71. Granted: I am an inmate of a mental hospital; my keeper is watching me, he never lets me out of his sight; there’s a peephole in the door, and my keeper’s eye is the shade of brown that can never see through a blue-eyed type like me. —GŸnter Grass, The Tin Drum (1959; trans. Ralph Manheim)
77. He was an inch, perhaps two, under six feet, powerfully built, and he advanced straight at you with a slight stoop of the shoulders, head forward, and a fixed from-under stare which made you think of a charging bull. —Joseph Conrad, Lord Jim (1900)
85. When I finally caught up with Abraham Trahearne, he was drinking beer with an alcoholic bulldog named Fireball Roberts in a ramshackle joint just outside of Sonoma, California, drinking the heart right out of a fine spring afternoon. —James Crumley, The Last Good Kiss (1978)
88. Of all the things that drive men to sea, the most common disaster, I’ve come to learn, is women. —Charles Johnson, Middle Passage (1990)
90. The towers of Zenith aspired above the morning mist; austere towers of steel and cement and limestone, sturdy as cliffs and delicate as silver rods. —Sinclair Lewis, Babbitt (1922)
91. I will tell you in a few words who I am: lover of the hummingbird that darts to the flower beyond the rotted sill where my feet are propped; lover of bright needlepoint and the bright stitching fingers of humorless old ladies bent to their sweet and infamous designs; lover of parasols made from the same puffy stuff as a young girl’s underdrawers; still lover of that small naval boat which somehow survived the distressing years of my life between her decks or in her pilothouse; and also lover of poor dear black Sonny, my mess boy, fellow victim and confidant, and of my wife and child. But most of all, lover of my harmless and sanguine self. —John Hawkes, Second Skin (1964)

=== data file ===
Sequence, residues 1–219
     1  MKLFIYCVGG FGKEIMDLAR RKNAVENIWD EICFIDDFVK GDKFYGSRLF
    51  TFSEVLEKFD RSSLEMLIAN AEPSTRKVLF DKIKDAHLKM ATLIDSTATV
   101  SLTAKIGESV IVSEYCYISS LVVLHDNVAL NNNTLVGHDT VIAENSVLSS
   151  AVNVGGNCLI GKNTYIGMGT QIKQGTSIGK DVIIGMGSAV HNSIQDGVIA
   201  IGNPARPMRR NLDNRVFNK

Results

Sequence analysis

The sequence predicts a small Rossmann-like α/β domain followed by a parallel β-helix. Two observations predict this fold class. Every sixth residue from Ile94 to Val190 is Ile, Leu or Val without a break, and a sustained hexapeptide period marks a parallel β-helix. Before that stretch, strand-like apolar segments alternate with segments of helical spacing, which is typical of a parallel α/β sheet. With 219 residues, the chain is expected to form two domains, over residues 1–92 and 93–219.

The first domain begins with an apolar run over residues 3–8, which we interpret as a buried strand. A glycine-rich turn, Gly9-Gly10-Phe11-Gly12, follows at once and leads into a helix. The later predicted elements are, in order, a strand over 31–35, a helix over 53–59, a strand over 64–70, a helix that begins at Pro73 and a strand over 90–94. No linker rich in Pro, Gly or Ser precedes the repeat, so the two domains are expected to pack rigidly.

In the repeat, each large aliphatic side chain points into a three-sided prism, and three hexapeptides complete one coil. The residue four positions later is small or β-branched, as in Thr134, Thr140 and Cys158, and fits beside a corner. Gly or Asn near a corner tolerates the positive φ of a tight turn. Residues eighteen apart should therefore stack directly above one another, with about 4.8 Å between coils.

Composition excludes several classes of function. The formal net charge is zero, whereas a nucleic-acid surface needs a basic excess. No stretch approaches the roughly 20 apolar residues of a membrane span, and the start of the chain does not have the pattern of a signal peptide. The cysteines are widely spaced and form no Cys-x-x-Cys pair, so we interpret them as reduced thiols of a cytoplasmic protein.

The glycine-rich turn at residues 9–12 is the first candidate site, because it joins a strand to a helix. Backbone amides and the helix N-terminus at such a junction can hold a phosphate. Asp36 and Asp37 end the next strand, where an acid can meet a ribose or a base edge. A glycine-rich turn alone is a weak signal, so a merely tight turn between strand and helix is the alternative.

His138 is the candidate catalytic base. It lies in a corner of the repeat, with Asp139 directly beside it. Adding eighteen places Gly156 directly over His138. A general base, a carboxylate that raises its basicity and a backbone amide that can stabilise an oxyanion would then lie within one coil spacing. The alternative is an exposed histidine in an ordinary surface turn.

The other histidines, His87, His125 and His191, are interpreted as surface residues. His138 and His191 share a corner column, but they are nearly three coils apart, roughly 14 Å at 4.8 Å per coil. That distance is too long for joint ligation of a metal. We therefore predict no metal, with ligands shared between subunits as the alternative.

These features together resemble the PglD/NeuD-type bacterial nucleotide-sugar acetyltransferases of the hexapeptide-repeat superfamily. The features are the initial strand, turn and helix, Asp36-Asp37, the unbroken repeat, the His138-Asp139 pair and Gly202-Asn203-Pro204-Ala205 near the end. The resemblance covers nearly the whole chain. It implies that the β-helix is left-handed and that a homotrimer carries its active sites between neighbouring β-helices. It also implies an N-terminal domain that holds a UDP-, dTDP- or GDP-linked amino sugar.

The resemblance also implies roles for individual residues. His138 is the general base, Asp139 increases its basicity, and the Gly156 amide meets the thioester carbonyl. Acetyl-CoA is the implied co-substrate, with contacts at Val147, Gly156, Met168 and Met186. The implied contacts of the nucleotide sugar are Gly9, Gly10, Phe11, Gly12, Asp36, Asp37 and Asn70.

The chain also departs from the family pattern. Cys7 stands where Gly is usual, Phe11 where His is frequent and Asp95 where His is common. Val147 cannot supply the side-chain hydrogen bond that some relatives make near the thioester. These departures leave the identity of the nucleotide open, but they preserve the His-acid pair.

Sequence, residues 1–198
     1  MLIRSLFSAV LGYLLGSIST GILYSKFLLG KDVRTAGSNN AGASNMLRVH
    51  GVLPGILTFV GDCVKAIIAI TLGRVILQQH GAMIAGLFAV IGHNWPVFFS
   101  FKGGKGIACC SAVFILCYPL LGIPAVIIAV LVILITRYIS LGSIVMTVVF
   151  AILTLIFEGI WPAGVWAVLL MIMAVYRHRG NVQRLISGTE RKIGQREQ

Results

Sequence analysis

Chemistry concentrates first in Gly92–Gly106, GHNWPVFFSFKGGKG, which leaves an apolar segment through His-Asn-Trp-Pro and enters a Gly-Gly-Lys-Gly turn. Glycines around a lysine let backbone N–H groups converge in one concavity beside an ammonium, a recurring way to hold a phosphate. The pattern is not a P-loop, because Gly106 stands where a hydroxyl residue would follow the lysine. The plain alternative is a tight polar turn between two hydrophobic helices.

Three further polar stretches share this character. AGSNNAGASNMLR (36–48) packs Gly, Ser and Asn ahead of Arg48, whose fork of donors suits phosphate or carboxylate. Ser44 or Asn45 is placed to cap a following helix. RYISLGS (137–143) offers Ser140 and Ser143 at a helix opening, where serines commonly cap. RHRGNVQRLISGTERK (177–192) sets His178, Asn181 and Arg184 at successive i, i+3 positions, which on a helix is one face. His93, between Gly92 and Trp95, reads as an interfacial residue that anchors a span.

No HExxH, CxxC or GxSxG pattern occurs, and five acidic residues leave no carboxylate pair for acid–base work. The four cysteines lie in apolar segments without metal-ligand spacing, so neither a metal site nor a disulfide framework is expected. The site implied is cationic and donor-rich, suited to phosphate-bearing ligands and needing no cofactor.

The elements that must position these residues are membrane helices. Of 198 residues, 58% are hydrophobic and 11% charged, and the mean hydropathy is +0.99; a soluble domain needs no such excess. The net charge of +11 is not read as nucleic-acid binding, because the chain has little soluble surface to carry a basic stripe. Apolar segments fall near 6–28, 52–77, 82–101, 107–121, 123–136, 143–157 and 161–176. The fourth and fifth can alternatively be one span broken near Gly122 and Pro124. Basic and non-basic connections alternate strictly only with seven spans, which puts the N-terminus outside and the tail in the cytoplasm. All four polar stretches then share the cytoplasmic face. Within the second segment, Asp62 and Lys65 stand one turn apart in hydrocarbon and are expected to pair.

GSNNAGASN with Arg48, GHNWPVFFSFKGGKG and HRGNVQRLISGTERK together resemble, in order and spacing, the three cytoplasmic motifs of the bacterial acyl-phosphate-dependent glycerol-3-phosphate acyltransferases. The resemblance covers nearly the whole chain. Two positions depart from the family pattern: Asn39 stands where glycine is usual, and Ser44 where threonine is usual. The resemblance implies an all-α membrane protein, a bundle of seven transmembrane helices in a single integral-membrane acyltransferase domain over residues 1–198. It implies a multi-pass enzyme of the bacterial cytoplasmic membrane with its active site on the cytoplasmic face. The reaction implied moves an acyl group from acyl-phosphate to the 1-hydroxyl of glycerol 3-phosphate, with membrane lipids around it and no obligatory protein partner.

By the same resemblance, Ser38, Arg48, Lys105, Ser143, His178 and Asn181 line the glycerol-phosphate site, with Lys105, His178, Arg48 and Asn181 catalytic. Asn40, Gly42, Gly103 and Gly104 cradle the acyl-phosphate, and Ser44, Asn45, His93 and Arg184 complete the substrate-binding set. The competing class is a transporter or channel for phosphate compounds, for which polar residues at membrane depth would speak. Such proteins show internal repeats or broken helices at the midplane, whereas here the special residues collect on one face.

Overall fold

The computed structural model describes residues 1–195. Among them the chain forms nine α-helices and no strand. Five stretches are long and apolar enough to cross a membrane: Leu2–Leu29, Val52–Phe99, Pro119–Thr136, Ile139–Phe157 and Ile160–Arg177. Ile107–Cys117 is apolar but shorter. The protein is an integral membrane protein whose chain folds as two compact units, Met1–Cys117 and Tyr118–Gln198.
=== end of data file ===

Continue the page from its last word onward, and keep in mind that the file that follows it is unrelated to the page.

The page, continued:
100. The cold passed reluctantly from the earth, and the retiring fogs revealed an army stretched out on the hills, resting. —Stephen Crane, The Red Badge of Courage (1895)
I wonder, when my manuscript is published, if mine will make the list.
Finding love can be like eating soup with a fork. —Bill Riddle, 95 Chances for Love
I love bizarre dating stories. The wackier the better. In the category of Too Much Information for a first date, I recently heard about a rendezvous that resulted from a Plenty of Fish dating site personal ad. I find the more unbelievable a story is, the more apt it is to be true. As it happens, Mike met Ginger at a restaurant to see how the chemistry was in person. Ginger was a 40-something divorcee who had been married to a man 17 years older than she was. At some point, Ginger’s hubby decided she was too old and left her for a 20-something woman. Upon discovering this, Ginger promptly went to the back yard of their McMansion and dug a grave.
I know what you’re thinking…and I’m with you. It turns out we’re both wrong. Much as I expected to hear how hubby was bludgeoned to death with a shovel and fed to the worms, it was Ginger that climbed into her freshly dug hole and, I suppose, had her own near-death experience. I’m not sure what Mike’s reply was to this disclosure, but I have to believe “Check please” was soon to follow.
Please join me, and thousands of others, to help bring this desperate situation to light.